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    How about a skylight that opens? Combine it with a cracked open window that's in the bathroom (if there is one)...in winter, natural stack effect will eliminate the moisture. In summer, the hot steam from the shower may still vent out an open skylight.
    • Electricity makes refrigeration happen.
    • Refrigeration makes the HVAC psychrometric process happen.
    • HVAC pyschrometrics is what makes indoor human comfort happen...IF the ducts AND the building envelope cooperate.


    A building is NOT beautiful unless it is also comfortable.

  8. #8
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    Oct 2010
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    Quote Originally Posted by Shophound View Post
    How about a skylight that opens? Combine it with a cracked open window that's in the bathroom (if there is one)...in winter, natural stack effect will eliminate the moisture. In summer, the hot steam from the shower may still vent out an open skylight.
    The 4x4 fixed skylight was replaced about 3 years ago with another of the same. So that ain't changing. The residence is a rancher with HRV, so to keep it balanced for Winter use windows can't be opened ..only in the Summer.

  9. #9
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    Aug 2009
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    Beatrice, NE
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    1st question, is the blower on hte H/C equipment tied into the HRV so when the HRV runs the blower runs?

    Can you get a new run from the HRV back to the skylight? What if you tied a duct boaster to the HRV vent to give it a extra CFM when the humidity is a problem, the rest of the time it wouldn't be needed.

  10. #10
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    If you put a vent fan (vented outside) from the bathroom... you will lower the efficiency you paid for by installing the HRV. Think about it... (yeah, even us pro's have to stop and consider things sometimes).

    So it appears there are some compromises to make here... IMO after the compromises are decided on... the action will be simple.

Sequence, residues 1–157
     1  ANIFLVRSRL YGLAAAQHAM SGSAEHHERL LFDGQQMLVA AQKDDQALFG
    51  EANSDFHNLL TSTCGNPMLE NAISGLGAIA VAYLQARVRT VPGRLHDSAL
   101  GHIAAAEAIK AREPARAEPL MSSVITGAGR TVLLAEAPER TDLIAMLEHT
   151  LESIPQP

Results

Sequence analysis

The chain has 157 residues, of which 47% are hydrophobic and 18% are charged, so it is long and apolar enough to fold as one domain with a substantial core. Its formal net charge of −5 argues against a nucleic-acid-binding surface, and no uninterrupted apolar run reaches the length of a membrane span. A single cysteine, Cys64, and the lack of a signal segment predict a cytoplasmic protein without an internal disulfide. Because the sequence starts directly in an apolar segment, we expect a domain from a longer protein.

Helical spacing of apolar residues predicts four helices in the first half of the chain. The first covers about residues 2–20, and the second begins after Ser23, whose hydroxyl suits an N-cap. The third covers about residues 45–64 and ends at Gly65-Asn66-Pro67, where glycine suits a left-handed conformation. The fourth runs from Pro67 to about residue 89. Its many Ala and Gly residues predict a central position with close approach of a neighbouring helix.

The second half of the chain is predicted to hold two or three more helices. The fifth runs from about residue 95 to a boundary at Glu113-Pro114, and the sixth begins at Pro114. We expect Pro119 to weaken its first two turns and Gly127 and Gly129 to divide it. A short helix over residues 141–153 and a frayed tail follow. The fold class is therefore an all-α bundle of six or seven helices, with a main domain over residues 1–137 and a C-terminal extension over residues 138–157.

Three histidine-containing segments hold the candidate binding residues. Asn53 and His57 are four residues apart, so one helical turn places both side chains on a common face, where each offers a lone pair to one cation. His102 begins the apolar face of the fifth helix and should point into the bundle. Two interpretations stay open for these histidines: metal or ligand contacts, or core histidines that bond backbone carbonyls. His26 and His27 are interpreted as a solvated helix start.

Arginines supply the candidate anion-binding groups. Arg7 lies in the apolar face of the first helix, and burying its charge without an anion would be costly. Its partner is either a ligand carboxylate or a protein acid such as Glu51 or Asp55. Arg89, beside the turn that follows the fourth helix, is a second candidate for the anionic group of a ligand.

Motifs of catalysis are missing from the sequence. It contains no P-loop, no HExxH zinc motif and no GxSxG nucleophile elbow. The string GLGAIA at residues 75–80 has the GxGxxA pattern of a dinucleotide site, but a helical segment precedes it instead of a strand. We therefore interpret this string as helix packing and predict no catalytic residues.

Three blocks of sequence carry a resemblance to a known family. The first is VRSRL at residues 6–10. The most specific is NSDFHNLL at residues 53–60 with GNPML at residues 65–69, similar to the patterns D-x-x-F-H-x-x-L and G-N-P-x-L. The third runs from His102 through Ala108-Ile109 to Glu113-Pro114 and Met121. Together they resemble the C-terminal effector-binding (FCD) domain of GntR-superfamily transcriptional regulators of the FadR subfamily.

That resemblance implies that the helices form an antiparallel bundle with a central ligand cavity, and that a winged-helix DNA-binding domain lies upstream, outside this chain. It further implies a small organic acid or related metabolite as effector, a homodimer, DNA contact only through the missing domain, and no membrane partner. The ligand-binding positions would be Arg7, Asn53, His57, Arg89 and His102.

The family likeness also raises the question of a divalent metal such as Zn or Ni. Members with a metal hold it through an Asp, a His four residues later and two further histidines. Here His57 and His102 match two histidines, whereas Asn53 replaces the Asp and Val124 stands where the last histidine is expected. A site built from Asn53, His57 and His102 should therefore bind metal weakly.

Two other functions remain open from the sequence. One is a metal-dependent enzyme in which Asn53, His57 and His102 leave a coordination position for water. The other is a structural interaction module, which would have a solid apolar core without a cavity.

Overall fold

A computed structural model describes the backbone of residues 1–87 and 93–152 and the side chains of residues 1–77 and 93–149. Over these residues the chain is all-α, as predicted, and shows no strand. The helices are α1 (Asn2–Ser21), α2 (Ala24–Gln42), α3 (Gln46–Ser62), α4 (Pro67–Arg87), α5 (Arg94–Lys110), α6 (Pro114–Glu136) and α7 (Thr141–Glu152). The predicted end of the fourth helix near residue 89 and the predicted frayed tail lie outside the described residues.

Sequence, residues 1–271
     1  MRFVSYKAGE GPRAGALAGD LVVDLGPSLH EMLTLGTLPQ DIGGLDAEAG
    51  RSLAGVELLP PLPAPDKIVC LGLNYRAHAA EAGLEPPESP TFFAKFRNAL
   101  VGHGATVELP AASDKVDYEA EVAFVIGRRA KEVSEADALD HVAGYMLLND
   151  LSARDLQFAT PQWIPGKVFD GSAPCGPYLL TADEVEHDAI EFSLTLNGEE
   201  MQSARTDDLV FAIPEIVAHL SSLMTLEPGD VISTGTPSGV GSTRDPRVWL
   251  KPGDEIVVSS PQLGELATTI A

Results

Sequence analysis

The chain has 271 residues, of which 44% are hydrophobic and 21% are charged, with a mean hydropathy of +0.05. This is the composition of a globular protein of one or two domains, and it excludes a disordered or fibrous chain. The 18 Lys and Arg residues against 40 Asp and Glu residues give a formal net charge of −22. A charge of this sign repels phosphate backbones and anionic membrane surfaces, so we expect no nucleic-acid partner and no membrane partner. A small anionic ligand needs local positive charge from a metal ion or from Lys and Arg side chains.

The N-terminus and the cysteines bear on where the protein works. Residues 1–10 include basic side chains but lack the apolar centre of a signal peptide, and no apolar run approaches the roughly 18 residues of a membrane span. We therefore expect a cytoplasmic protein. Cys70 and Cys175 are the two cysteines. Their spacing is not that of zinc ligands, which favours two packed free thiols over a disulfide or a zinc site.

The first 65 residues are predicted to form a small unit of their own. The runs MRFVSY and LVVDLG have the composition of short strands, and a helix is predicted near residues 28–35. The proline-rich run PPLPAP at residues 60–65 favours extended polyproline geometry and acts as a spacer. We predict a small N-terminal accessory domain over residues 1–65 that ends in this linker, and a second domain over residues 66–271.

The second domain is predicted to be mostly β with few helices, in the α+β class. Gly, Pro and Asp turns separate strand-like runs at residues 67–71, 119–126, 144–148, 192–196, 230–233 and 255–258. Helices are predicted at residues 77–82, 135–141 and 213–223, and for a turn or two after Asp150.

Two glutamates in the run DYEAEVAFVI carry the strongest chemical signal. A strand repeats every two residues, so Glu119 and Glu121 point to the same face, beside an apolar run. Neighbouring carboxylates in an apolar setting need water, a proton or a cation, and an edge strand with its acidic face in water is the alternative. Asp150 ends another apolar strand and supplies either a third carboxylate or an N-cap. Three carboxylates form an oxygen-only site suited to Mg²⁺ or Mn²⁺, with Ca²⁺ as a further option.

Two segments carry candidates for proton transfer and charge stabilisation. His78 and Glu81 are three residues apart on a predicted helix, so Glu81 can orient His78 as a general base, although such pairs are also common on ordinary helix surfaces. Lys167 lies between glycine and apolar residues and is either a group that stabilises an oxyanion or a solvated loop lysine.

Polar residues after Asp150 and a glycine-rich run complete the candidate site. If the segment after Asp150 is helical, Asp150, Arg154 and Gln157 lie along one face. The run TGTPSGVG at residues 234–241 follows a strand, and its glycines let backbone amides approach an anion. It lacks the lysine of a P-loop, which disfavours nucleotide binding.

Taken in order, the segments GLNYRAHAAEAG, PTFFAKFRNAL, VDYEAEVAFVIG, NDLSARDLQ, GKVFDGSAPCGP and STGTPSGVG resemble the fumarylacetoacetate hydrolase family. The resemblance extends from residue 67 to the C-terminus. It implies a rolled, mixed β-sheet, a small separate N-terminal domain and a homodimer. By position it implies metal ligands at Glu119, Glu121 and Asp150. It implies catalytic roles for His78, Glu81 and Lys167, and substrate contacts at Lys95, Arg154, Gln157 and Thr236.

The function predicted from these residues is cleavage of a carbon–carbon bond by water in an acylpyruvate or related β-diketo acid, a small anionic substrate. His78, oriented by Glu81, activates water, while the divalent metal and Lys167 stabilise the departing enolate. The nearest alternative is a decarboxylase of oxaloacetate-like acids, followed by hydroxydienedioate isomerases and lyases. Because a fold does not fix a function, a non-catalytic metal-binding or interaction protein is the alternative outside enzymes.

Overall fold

Let us know what you come up with.
    GA-HVAC-Tech

    Quality work at a fair price with excellent customer service!

    Romans Ch's 5-6-7-8

    2 Chronicles 7:14

  11. #11
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    Oct 2010
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    Quote Originally Posted by kls-ccc View Post
    1st question, is the blower on hte H/C equipment tied into the HRV so when the HRV runs the blower runs?

    Can you get a new run from the HRV back to the skylight? What if you tied a duct boaster to the HRV vent to give it a extra CFM when the humidity is a problem, the rest of the time it wouldn't be needed.

    The HRV is a dedicated unit with it's on plenum. The rest of the house is baseboard heat.
    The main HRV unit is in the garage with the bathroom about 80' away, so running another separate vent line from the main unit will be too difficult in the attic and through 15" in blown insulation.

    And yes, oddly enough a flyer came to the house advertising a 4" 52db duct booster. I too wonder if putting in that booster in the vent duct leg near the skylight HRV would do the trick. I could connect it to a wall switch (next to the POSH control switch for the HRV) and turn it on when shower is in use.

    Anyone with that experience? Will 52db rating be too loud?